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Learning in Entry Limit Pricing Games

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  • Cooper, David J.

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This chapter was published in:

  • Charles R. Plott & Vernon L. Smith (ed.), 2008. "Handbook of Experimental Economics Results," Handbook of Experimental Economics Results, Elsevier, edition 1, volume 1, number 4.
    This item is provided by Elsevier in its series Handbook of Experimental Economics Results with number 4-64.

    Handle: RePEc:eee:expchp:4-64

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    Web page: http://www.elsevierdirect.com/product.jsp?isbn=9780444826428

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    Cited by:
    1. Jacob K Goeree & Charles A Holt, 2004. "Ten Little Treasures of Game Theory and Ten Intuitive Contradictions," Levine's Working Paper Archive 618897000000000900, David K. Levine.
    2. Potters, J.J.M. & Sefton, M. & Vesterlund, L., 2003. "After You - Endogenous Sequencing in Voluntary Contribution Games," Discussion Paper 2003-98, Tilburg University, Center for Economic Research.
    3. Thomas D. Jeitschko & Hans-Theo Normann, 2009. "Signaling in Deterministic and Stochastic Settings," Royal Holloway, University of London: Discussion Papers in Economics 09/12, Department of Economics, Royal Holloway University of London.
    4. Jan Boone & Wieland Müller & Sigrid Suetens, 2011. "Naked exclusion in the lab: The case of sequential contracting," Vienna Economics Papers 1109, University of Vienna, Department of Economics.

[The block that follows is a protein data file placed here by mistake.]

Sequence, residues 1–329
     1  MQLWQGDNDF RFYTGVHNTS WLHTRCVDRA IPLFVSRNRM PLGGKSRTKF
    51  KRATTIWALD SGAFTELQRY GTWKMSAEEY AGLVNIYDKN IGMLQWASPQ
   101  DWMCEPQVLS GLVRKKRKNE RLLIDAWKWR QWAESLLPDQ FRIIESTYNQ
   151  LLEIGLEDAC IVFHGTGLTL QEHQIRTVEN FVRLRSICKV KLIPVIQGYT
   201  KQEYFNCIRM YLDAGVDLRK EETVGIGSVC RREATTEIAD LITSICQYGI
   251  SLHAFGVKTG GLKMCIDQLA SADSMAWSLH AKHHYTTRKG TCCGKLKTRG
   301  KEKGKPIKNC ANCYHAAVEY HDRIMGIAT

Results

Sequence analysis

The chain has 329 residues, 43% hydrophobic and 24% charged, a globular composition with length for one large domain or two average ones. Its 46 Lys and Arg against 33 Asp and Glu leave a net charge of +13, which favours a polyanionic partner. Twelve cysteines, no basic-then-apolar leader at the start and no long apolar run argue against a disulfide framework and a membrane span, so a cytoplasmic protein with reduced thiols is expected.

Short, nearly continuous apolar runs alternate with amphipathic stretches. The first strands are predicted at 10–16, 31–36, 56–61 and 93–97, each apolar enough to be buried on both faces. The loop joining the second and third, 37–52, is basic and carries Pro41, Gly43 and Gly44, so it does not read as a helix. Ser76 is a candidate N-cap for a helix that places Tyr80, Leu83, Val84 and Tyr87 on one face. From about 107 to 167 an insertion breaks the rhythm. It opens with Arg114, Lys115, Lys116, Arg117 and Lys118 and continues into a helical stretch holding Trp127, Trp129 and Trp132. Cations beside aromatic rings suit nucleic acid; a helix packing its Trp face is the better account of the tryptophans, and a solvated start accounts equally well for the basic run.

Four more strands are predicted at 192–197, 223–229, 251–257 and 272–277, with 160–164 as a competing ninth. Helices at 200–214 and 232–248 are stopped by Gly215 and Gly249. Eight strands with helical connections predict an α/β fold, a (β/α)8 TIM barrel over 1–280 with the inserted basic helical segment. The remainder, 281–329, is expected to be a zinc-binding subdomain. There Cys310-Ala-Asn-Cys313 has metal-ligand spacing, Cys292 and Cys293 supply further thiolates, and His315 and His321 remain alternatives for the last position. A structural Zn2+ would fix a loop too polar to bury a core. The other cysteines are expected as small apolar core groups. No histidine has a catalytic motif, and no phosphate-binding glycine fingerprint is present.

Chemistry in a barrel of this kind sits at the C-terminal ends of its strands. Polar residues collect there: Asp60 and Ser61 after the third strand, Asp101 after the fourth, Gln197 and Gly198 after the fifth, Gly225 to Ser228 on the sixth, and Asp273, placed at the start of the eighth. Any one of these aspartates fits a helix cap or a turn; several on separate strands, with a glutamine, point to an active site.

5. Jan Potters & Martin Sefton & Lise Vesterlund, 2007. "Leading-by-example and signaling in voluntary contribution games: an experimental study," Economic Theory, Springer, vol. 33(1), pages 169-182, October.
    6. Kübler, D. & Müller, W. & Normann, H.T., 2003. "Job Market Signalling and Screening: An Experimental Comparison," Discussion Paper 2003-124, Tilburg University, Center for Economic Research.
    7. David Cooper & John H. Kagel, 2003. "Lessons Learned: Generalizing Learning Across Games," American Economic Review, American Economic Association, vol. 93(2), pages 202-207, May.
    8. Potters, J.J.M. & Sefton, M. & Vesterlund, L., 2001. "Why Announce Leadership Contributions? An Experimental Study of the Signaling and Reciprocity Hypotheses," Discussion Paper 2001-100, Tilburg University, Center for Economic Research.
    9. David J. Cooper & John H. Kagel, 2005. "Are Two Heads Better Than One? Team versus Individual Play in Signaling Games," American Economic Review, American Economic Association, vol. 95(3), pages 477-509, June.

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